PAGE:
What hasn’t always been clear is whether some have the right to pollute the Commons – or overfish the oceans, rivers and lakes – even if that spoils them for others. Before clean air and water laws, people and businesses used air and water to dumping waste because that didn’t cost anything, which was good for the bottom line. Nevermind that thick, brown smog blanketed urban areas and rivers sometimes caught on fire.
Over time, regulations were enacted to help protect the commonly used air and water so that the decisions of some to release pollution into them were balanced with the health and well-being of all people. These regulations improved life and the economy for everyone. Rivers don’t catch on fire, Lake Erie isn’t dead, and one cannot see the air in US cities.
Yet, problems persist. An “island” of plastic trash in the Pacific Ocean is larger than Texas. Coal mining companies literally remove the material from the top of mountains in Appalachia and dump the rock onto the surrounding landscape to mine the coal in the mountains. Hydraulic fracturing, “fracking,” to extract natural gas that is trapped in shale formations deep underground, has resulted in polluted water supplies from Pennsylvania to Australia.
The situation is what economists have long described as “the tragedy of the Commons,” meaning that when individuals make decisions about the use of shared resources, they will act in their own self-interest, whether or not that is good or bad for the community. Another way of putting it is that people and businesses tend to make decisions based on short-term gains rather than long-term sustainability.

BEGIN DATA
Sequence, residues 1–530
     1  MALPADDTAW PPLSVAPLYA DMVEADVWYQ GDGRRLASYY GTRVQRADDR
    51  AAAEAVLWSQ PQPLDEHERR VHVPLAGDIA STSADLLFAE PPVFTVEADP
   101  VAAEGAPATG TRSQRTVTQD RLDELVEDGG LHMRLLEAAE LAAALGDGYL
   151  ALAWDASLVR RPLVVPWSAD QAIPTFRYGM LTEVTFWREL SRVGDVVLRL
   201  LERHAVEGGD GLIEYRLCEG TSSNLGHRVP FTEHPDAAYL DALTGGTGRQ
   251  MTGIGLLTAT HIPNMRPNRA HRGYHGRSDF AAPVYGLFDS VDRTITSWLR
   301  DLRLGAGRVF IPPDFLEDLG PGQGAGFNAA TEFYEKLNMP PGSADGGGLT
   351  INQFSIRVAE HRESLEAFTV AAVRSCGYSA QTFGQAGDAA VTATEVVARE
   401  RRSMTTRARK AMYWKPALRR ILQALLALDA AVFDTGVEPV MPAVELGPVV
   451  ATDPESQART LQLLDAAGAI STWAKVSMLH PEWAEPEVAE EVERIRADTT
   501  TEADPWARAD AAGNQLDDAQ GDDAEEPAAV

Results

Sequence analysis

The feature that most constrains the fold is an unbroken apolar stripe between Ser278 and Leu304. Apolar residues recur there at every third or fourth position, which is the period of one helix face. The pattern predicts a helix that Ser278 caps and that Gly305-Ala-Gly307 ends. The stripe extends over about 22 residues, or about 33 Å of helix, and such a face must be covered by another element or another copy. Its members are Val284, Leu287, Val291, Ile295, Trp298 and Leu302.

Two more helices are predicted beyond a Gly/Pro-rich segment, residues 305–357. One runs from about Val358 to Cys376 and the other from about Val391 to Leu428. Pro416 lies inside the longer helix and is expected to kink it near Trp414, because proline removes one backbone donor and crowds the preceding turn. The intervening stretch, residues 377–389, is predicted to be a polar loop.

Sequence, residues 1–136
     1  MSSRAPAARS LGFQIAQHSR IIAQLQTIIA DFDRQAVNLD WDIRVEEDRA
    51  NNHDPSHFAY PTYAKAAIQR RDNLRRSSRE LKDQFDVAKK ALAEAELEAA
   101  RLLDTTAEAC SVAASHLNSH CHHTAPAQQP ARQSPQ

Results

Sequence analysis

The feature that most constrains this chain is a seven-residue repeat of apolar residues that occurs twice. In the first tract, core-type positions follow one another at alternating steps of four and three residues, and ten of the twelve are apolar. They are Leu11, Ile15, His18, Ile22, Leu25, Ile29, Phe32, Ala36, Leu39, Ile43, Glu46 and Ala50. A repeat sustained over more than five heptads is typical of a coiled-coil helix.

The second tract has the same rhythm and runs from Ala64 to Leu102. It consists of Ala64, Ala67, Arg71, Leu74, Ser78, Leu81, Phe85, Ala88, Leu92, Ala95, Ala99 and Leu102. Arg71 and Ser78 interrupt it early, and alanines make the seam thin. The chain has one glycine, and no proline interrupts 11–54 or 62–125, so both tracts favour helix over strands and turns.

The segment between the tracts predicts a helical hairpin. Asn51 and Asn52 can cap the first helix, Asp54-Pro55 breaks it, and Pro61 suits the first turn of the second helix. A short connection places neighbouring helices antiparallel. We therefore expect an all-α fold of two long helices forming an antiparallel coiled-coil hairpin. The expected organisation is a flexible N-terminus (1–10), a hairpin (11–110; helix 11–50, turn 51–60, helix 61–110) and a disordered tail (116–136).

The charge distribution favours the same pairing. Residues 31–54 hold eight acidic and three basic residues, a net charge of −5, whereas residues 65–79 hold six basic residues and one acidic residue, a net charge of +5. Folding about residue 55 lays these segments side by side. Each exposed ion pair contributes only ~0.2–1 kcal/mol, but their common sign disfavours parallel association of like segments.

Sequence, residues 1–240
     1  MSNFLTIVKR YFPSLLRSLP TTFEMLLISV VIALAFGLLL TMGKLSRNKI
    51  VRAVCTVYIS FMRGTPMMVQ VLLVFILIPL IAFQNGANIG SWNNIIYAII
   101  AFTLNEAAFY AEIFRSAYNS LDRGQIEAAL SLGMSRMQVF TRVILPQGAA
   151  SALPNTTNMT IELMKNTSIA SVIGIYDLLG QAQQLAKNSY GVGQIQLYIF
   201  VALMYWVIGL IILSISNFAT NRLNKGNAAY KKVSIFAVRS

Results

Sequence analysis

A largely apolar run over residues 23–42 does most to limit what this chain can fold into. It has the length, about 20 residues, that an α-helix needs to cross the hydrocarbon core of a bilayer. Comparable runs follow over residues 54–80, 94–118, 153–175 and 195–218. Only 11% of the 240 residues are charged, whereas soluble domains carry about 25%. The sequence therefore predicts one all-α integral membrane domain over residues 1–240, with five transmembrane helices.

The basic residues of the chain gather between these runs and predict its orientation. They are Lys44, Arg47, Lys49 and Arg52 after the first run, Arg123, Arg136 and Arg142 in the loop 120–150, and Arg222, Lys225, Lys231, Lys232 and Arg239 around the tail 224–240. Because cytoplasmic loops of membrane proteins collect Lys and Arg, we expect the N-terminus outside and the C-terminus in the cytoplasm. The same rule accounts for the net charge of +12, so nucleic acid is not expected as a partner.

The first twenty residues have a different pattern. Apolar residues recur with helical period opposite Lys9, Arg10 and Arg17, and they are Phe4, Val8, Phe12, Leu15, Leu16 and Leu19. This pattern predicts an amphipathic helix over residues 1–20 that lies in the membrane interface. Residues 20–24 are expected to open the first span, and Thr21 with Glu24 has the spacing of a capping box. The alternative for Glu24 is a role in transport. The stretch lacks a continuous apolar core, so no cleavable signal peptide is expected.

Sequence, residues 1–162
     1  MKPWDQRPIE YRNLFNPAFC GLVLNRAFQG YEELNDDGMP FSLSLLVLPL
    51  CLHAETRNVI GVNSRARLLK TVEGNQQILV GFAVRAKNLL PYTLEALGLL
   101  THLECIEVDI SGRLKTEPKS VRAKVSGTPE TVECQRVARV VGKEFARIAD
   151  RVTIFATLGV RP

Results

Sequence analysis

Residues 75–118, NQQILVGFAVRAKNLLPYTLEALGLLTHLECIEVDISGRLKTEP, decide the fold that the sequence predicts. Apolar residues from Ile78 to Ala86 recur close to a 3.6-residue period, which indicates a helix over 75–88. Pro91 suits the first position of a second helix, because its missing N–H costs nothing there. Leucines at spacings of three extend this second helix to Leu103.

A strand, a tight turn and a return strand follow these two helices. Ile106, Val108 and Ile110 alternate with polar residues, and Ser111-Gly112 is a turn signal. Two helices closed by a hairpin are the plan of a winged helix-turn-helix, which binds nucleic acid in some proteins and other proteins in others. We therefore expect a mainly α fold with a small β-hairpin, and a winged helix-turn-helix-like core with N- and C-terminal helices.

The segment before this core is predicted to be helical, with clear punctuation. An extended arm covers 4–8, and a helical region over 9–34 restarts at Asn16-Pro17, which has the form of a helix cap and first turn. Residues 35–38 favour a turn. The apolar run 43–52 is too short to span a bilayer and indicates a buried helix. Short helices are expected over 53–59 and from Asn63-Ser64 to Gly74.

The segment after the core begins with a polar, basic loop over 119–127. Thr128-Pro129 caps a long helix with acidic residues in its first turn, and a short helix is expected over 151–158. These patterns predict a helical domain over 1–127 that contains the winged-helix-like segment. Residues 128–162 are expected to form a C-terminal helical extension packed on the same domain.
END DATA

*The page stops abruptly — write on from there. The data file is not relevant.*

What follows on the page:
For those who saw “The Lorax” movie, or read the book, the story is familiar. Use and despoil the local resources so long as a profit can be made, then when the money dries up, move on and start over some place new.
Personally, I object to the term “tragedy” because it implies that there is some aspect of fate that led to the bad situation. It is tragic when a man catches the early train to get home to surprise the family, only to be killed when that train is derailed in a collision with a truck. It is not tragic when a company injects toxic chemicals into a well knowing that 5% of the well casings will fail, and the chemicals then show up in local wells and people get sick. I would not call that a tragedy – I would call it a crime.